FDIC Announces Increased Focus on Lenders’ Commercial Real Estate Loans

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The Federal Deposit Insurance Corp. (FDIC) announced last week that its next test cycle will expand scrutiny old bank-held commercial real estate loans. In a report revealing the increased focus, the FDIC cited macroeconomic volatility as a major factor in its decision. The regulator has reportedly become more concerned about banks’ exposure to commercial real estate loan risk, as high inflation, rising interest rates, and supply chain challenges continue to threaten the nation’s economic health.

According to the agency, real estate is now the largest loan type for nearly half of all banking portfolios. In just the last 13 years, the amount of bank-held real estate debt has swelled from just under $2 trillion to $2.7 trillion. The FDIC is apparently concerned that the continuing pandemic and ongoing economic uncertainty could increase the risk associated with those loans.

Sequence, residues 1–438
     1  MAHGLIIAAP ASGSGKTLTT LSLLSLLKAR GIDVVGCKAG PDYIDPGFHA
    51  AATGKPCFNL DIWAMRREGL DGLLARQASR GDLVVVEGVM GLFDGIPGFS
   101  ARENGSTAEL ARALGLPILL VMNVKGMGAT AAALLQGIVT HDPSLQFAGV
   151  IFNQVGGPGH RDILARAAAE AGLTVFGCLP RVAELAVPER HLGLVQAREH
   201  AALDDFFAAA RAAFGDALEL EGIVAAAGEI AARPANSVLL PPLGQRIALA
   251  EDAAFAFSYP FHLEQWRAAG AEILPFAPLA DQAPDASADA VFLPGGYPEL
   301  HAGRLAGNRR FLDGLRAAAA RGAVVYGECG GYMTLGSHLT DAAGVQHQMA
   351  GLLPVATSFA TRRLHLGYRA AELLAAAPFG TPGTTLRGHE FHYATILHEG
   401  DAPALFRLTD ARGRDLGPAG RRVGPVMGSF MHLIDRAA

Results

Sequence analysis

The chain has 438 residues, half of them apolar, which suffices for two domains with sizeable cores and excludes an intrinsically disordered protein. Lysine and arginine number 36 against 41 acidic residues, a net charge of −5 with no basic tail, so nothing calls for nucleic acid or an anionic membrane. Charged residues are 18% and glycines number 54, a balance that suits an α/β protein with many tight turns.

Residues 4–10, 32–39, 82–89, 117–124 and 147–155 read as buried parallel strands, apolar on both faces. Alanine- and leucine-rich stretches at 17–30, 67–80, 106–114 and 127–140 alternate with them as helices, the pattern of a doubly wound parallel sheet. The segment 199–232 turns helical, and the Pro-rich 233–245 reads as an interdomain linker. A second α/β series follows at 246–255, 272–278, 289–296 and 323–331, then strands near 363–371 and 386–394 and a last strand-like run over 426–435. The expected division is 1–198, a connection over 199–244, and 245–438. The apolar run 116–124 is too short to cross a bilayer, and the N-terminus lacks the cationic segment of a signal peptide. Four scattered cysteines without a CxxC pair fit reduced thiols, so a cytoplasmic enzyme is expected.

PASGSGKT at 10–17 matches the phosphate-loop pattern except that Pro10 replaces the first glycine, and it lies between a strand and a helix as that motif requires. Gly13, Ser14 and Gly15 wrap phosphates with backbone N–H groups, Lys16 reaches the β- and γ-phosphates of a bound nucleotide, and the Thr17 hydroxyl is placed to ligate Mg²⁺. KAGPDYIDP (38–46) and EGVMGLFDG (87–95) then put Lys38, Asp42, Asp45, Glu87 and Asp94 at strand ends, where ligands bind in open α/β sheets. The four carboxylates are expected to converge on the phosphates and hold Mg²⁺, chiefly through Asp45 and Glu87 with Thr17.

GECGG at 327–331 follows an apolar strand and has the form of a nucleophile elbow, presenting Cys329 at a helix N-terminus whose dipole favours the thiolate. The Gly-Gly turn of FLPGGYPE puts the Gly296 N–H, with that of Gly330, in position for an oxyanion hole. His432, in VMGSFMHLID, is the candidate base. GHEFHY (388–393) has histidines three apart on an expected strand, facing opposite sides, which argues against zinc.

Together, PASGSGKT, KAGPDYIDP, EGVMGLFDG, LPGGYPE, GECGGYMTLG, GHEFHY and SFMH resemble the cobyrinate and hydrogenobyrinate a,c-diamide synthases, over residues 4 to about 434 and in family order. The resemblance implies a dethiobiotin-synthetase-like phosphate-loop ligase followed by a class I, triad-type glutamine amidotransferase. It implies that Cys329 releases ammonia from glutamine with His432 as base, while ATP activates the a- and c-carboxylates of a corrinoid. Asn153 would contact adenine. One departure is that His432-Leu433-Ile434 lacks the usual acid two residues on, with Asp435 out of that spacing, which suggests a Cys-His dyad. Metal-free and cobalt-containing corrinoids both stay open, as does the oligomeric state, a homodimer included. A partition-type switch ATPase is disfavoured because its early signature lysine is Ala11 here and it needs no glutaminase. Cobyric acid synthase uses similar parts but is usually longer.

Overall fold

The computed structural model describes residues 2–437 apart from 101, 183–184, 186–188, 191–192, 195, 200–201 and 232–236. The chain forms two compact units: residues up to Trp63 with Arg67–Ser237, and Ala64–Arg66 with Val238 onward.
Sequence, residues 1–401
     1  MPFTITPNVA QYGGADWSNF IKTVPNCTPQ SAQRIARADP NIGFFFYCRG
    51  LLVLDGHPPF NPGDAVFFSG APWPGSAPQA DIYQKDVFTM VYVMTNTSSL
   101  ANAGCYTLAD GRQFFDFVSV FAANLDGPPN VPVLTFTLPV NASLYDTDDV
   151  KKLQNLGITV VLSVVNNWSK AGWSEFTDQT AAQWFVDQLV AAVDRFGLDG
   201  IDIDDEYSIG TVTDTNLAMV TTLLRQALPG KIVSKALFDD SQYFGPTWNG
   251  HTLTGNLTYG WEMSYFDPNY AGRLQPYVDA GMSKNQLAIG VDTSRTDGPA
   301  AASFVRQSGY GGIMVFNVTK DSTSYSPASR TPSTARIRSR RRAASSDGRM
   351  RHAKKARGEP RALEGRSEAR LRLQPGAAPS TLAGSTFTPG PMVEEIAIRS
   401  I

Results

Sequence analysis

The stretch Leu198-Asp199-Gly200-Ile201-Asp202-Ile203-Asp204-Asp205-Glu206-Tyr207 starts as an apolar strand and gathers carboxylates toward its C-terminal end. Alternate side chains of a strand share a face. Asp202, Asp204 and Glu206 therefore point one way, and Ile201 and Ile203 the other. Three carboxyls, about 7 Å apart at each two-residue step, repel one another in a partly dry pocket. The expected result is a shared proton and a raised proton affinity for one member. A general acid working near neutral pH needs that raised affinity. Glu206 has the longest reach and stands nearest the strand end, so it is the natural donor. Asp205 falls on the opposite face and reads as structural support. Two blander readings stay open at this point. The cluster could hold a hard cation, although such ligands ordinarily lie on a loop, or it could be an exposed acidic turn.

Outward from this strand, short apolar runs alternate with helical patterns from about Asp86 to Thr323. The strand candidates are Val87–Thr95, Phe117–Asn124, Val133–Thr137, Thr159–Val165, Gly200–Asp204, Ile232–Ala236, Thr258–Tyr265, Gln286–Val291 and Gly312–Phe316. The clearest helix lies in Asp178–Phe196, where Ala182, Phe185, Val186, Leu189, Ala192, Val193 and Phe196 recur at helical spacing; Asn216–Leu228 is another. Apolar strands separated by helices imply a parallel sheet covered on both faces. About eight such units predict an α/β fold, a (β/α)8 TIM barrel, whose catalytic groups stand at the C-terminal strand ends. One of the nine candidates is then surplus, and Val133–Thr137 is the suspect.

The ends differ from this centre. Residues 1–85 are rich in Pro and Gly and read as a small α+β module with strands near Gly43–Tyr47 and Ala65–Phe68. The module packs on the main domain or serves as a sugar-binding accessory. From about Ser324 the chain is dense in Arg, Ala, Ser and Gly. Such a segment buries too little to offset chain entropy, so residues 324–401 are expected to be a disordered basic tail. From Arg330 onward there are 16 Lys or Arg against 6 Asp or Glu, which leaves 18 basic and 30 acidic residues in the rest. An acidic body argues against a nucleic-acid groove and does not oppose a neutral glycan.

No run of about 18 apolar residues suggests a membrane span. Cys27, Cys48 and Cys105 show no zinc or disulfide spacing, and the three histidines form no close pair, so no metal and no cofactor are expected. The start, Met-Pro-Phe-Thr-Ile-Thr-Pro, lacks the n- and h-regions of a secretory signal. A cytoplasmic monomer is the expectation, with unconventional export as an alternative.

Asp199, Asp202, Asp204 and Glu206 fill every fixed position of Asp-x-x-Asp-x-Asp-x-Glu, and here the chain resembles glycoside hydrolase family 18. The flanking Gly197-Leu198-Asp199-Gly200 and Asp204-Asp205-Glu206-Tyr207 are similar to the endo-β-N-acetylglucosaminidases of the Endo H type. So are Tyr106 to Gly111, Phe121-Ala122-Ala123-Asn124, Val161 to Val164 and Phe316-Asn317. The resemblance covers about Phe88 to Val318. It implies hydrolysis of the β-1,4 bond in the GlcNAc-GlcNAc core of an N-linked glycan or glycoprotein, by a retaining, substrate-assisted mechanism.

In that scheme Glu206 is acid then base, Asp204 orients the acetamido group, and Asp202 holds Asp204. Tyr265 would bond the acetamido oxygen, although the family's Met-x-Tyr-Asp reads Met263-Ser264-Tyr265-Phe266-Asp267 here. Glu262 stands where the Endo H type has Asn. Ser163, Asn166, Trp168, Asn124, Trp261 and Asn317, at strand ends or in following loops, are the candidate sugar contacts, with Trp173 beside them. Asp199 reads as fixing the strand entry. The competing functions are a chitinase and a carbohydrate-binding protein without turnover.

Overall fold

At the same time, however, the regulator seemed to dismiss any notion that the high concentration of CRE lending is, in itself, a problem:

“The majority of banks with CRE loan concentrations are satisfactorily rated. Nevertheless, CRE loan concentrations add dimensions of risk that necessitate continued attention from banks and their regulators, especially as the pandemic lingers and uncertainties remain.”

FDIC examiners have reportedly identified several areas of concern when it commercially comes to CRE loans, including deficiencies in risk analysis. The planned increase in scrutiny will include additional testing and examination of banks’ lending performance and risk assessment processes during the current pandemic.

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